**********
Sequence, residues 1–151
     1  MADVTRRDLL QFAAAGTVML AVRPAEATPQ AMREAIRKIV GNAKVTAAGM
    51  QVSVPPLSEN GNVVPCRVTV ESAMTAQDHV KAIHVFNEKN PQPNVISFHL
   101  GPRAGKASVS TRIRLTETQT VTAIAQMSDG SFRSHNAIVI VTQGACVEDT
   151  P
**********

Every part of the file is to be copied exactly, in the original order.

Sequence, residues 1–151
     1  MADVTRRDLL QFAAAGTVML AVRPAEATPQ AMREAIRKIV GNAKVTAAGM
    51  QVSVPPLSEN GNVVPCRVTV ESAMTAQDHV KAIHVFNEKN PQPNVISFHL
   101  GPRAGKASVS TRIRLTETQT VTAIAQMSDG SFRSHNAIVI VTQGACVEDT
   151  P